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Business / Economics - Politics - 06.06.2019

Politics - 03.06.2019
How the urban-rural divide shapes elections
The geographic divide, which pits Democratic voters living mostly in cities against Republicans in exurban and rural areas, has an impact on representation and policymaking, Stanford scholar Jonathan Rodden says.

Social Sciences - Politics - 20.05.2019

Politics - 08.05.2019

Religions - Politics - 02.05.2019
NBA legend visits campus
In a discussion Wednesday at Memorial Auditorium, Kareem Abdul-Jabbar discussed the intersections of race, religion and politics.

Politics - 26.04.2019
Politics, Power, Food
The German Federal Ministry for Education and Research approves funding for research project at the Institute for Latin American Studies, Freie Universitšt Berlin No 109/2019 from Apr 26, 2019 The Ge

Politics - 15.04.2019
Politicians’ fishy behaviour
More than a decade's worth of research has revealed how politicians manipulate highly emotional incidents like shark bites to influence public sentiment and protect their own interests.

Politics - Administration - 26.03.2019
Why public distrust could prove ’corrosive’ to U.S. democracy
Editor's note: This is the first in a series of stories spotlighting how faculty, students and alumni at the Harris School of Public Policy are driving impact for the next generation.

Environment - Politics - 19.03.2019
Center to protect the Red Sea ecosystem
Center to protect the Red Sea ecosystem
Federal Councillor Ignazio Cassis, Head of the Federal Department of Foreign Affairs (FDFA), announced on Tuesday Switzerland's support for EPFL's project to create a "Transnational Red Sea Research Center".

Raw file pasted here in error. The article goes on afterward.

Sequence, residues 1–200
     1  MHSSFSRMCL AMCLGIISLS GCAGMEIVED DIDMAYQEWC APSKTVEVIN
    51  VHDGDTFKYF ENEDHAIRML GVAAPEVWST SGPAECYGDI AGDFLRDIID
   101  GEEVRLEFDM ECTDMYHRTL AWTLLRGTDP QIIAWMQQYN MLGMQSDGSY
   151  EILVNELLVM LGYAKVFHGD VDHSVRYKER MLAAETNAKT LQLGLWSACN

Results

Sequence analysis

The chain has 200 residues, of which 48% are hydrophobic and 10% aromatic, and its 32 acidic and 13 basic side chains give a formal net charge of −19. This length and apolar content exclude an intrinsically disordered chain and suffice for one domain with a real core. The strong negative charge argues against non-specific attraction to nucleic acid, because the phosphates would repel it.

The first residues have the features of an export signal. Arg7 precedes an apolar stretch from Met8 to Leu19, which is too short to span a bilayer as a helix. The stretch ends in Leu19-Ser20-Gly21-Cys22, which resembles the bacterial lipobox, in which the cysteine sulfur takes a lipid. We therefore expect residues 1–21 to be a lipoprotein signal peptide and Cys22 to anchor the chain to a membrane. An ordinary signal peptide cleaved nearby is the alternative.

Politics - 14.03.2019
Uncovering ’Icons of Dissent’
From Bob Marley and Tupac to Che Guevara and Osama bin Laden, history professor Jeremy Prestholdt explains the importance—and changing faces—of global figures I n the 1960s, Ernesto “Che” Guevara became an international symbol of radicalism, solidarity and revolution.

Politics - 09.03.2019
1989: The year Margaret Thatcher's apparent mastery slipped away
1989: The year Margaret Thatcher’s apparent mastery slipped away
Forty thousand pages of former Prime Minister Margaret Thatcher's personal and political papers from 1989 are being opened to the public at the Churchill Archives Centre and online at the website of the Margaret Thatcher Foundation.

Business / Economics - Politics - 07.03.2019

Environment - Politics - 15.02.2019
Water Diplomacy at the Service of States in West Africa
Water Diplomacy at the Service of States in West Africa
The Gambia, Guinea Bissau, Mauritania and Senegal initiate a discussion for the joint management of a shared aquifer system essential to the economic and socialdevelopment of this region of 24 million people.

Politics - Life Sciences - 31.01.2019
Elevate research above Brexit impasse, urge Imperial and TUM Presidents
Elevate research above Brexit impasse, urge Imperial and TUM Presidents
UK-European research cooperation should continue, say the heads of Europe's top two technical universities.

Social Sciences - Politics - 30.01.2019
Finding fault lines in the next generation
For more than two years, the innovative GenForward survey has polled thousands of young people across the United States-particularly those of color-about their views on everything from education to immigration to racism.

Politics - Event - 23.01.2019
California will put the super in 2020's Super Tuesday primary
California will put the super in 2020’s Super Tuesday primary
Super Tuesday has never been as super as it will be in the 2020 U.S. presidential election.

Politics - 15.01.2019
The story behind the lost play of Irish rebel leader James Connolly
The story behind the lost play of Irish rebel leader James Connolly